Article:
The report called, first of all, for building up a modern industrial system with new productive forces, including (among other keys) new-energy vehicles, nitrogen energy, new materials, biotechnology, a commercial aerospace industry, a low-altitude economy, quantum technology and life sciences. It also called for setting up clusters of future industries, especially encouraging digital economy clusters. Rejuvenating the country through science and technology is at the heart, and 700 billion yuan will be appropriated for that purpose.

China has been making considerable progress in this direction. The trunk line civil aircraft C919 entered commercial service in 2023. China’s NEV output accounted for 60 percent of world total. More progress and significant achievements appear certain in 2024.

Consequently, the government will adopt an active fiscal policy, increasing the fiscal deficit by 180 billion yuan (3.0 percent, which is still in a reasonable range) and increase spending by 1.1 trillion yuan to 28.5 trillion. The government also plans to issue ultra long-term treasury bonds to support the development of new productive forces.

The report emphasized high-level opening-up in 2024, further cutting down the negative list, with no restrictions on foreign investment in the manufacturing sector and expanding market access in such fields as telecom and medical services.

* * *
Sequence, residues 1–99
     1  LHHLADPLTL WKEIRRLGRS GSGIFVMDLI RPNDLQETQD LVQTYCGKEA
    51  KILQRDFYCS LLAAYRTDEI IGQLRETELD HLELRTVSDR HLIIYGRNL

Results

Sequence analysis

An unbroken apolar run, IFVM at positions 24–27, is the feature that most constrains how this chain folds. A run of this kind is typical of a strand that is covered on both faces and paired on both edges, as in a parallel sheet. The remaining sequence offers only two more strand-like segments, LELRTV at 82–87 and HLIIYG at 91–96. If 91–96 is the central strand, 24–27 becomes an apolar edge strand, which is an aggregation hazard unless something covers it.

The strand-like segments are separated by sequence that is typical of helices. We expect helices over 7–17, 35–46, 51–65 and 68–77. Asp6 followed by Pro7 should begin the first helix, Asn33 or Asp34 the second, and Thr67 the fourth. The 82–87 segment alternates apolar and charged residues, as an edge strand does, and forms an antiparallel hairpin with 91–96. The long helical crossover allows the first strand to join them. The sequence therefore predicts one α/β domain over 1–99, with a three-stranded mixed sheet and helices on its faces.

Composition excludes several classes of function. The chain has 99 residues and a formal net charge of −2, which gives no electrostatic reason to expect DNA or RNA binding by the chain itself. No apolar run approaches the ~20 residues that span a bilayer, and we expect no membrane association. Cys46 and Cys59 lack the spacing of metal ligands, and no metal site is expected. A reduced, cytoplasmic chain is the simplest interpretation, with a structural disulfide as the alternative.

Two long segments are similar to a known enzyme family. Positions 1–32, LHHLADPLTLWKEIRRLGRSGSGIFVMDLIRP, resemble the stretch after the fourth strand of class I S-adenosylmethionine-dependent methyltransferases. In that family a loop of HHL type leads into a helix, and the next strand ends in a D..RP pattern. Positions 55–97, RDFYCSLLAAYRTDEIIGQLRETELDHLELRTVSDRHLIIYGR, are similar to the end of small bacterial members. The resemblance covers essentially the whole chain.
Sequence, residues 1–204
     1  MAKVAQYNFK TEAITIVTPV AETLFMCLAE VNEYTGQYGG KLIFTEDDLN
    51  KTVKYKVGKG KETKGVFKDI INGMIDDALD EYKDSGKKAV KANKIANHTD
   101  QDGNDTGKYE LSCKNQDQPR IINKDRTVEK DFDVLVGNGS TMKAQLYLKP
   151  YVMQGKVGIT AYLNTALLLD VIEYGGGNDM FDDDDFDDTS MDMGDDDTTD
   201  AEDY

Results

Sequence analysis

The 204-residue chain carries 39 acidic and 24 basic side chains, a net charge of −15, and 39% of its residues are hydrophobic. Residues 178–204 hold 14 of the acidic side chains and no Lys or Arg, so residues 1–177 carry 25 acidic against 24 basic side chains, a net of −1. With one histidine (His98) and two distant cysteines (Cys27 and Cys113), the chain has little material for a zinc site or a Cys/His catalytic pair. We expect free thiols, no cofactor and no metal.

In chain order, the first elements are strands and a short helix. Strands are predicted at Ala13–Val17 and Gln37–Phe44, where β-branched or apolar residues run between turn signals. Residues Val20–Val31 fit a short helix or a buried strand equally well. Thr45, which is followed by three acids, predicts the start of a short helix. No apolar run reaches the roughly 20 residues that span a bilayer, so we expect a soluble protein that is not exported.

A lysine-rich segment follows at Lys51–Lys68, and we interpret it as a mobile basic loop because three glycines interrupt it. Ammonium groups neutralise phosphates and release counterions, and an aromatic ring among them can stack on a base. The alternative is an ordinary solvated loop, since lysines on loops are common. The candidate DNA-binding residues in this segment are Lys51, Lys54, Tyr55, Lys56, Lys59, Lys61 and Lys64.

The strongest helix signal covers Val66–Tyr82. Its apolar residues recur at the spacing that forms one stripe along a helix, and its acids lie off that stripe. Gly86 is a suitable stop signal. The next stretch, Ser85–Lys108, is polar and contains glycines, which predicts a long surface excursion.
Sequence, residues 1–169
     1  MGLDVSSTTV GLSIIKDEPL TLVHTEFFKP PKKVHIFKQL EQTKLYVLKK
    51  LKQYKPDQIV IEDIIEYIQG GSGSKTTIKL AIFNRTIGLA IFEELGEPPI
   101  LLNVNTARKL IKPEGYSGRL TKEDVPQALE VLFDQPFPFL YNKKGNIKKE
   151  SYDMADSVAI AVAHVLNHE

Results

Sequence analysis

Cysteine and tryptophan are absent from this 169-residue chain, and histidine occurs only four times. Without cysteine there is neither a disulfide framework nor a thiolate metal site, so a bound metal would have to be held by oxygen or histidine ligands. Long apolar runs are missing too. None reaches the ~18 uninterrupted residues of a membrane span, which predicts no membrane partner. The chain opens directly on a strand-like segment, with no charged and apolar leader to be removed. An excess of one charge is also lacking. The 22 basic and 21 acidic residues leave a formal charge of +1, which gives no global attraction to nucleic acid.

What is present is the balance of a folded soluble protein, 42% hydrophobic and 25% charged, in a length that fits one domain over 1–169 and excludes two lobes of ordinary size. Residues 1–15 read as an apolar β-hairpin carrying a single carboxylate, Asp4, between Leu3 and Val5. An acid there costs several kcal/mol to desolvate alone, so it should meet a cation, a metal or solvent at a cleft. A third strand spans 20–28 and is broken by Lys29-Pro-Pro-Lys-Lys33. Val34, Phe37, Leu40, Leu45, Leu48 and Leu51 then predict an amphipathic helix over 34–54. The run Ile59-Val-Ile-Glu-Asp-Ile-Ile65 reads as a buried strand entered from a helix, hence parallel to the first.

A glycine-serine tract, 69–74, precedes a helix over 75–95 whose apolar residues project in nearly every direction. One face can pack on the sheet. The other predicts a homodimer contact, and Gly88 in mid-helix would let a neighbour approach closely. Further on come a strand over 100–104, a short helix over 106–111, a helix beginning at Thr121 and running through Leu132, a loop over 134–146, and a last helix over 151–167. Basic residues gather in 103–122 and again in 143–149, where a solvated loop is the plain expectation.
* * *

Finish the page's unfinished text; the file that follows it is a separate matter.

Opportunities for Americans 

The 5 percent GDP growth this year near 5 percent growth in coming years will undoubtedly provide fresh opportunities for the U.S. business community, which will find almost limitless opportunities as Chinese market demand expands, especially in the above-mentioned key industries. A recent survey by AmCham South China found that more than 70 percent of members plan to continue investing in China. Following the right track — which was laid out in the San Francisco Vision of Chinese President Xi Jinping and U.S. President Joe Biden in November — bilateral relations have shown gradual stabilization and improvement. In January and February, China-U.S. two-way trade showed positive growth of 0.5 percent year-on-year, compared with and 11.6 percent decline in 2023, according to China Customs.

The governments and business communities of the two countries should lose no time in taking advantage of China’s economic growth and high-level opening-up. They should enhance further cooperation and bring fresh benefits for the business communities and peoples of our two countries in 2024 and beyond.